Beyond the relationship of athlete/rapper, Biggie showed all sides how to really live it up. Biggie’s visual displays of the spoils of his labor are what drove David Stern to adapt new rules as to how players dress when entering the NBA work environment.
When Biggie started rocking the Jesus piece, everyone followed. You still see the piece on the necks of James, Darnell Dockett and other athletes today. The Jesus piece is to black youth as the pinky ring was to the mob (though we still had to get a pinky ring thank you Henry Hill and Nicky Santoro.). When Biggie started sippin Cristal champagne, we all had to have it.
Biggie showed us the spoils of being young, black and famous. He pretty much bankrolled the designer Coogi and made Versace silk button ups a steady fashion accessory in hip-hop culture. Look at old photos of Jonathan Bender or JaMarcus Russell in one of those cable knitted multi-colored sweaters or think of the countless athletes in those free flowing shirts with some Versace glasses to match. How many dudes had to get something that resembled a Rolex after Big had one? I can’t afford one but I always have to have a nice looking watch on my arm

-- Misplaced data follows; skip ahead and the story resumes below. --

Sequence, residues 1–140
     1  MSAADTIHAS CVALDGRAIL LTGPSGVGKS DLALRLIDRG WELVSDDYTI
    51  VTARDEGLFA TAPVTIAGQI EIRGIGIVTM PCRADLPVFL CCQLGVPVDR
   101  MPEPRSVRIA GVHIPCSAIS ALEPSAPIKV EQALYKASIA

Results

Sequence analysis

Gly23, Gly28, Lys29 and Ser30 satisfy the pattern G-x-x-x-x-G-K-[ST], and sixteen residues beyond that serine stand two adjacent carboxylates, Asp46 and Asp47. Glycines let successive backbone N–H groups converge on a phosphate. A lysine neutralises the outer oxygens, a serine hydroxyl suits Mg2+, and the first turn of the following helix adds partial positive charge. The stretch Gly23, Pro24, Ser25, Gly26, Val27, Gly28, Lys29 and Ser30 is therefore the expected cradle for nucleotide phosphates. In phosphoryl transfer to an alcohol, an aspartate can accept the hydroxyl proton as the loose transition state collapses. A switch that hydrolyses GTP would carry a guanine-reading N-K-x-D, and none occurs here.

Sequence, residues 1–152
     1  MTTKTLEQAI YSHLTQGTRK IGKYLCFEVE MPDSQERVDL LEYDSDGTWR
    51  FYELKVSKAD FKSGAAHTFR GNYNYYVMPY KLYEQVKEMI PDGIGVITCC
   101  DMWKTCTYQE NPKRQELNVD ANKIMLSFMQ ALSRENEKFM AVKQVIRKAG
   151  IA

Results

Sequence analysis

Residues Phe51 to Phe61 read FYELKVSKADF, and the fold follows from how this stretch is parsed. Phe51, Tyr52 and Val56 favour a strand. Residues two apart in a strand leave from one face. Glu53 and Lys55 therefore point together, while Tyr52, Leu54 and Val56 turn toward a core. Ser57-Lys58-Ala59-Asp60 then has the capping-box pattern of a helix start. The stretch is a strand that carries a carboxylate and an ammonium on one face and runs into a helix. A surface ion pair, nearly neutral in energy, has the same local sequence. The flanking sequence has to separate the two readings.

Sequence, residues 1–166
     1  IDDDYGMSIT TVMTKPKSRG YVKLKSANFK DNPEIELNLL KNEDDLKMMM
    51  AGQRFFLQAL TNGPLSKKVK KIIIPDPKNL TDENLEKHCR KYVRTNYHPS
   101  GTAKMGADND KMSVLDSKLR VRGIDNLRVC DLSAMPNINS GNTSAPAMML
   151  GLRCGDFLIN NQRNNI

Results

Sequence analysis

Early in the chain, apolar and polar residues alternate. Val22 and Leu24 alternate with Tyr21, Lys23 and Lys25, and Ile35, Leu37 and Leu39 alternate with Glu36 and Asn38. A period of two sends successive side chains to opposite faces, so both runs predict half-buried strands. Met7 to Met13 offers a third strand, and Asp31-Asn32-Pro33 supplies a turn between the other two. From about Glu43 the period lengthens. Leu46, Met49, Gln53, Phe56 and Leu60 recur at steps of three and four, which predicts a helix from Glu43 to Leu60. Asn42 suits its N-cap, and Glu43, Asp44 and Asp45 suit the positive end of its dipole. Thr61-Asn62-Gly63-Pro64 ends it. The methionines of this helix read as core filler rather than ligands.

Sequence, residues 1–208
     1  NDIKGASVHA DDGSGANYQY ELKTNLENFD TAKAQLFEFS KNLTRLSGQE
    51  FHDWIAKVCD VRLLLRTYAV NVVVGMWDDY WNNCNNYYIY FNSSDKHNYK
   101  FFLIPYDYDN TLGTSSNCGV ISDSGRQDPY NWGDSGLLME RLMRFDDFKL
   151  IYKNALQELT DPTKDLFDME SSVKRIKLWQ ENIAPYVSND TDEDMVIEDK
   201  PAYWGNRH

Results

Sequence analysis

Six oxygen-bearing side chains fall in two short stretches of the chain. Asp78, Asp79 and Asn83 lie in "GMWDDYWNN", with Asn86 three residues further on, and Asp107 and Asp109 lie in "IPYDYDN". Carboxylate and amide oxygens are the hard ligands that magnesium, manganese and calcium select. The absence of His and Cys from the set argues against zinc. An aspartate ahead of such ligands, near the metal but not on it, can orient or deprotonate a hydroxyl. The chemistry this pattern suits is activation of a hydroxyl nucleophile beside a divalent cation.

He was a trendsetter. Hell, his trends have lasted almost 20 years since he first jumped on the scene and are still seen in the NFL, NBA and MLB.
That’s why he lives on long past his death 14 years ago and through two or three different generations.
This morning on Twitter I saw Michael J. Smith, Chad Ochocinco, Jemele Hill and a bunch of my buddies in college posting random Biggie quotes from all of his songs. That’s a range of people from ages 20-40. When Biggie dies some of them were 6, I wasn’t in high school yet, others were starting their professional careers, yet we all know his lyrics word for word.
It’s funny that this year Biggie’s death anniversary fell on Ash Wednesday for me. It’s the beginning of Lent where we sacrifice something we love for a greater good and we mourn and repent for our sins. I mourned Biggie by listening to his entire catalog while fasting and posting a bunch of my favorite lyrics along the way. People would dispute that Biggie was nothing like Jesus and might’ve been a bigger heathen than most fallen martyr’s in entertainment.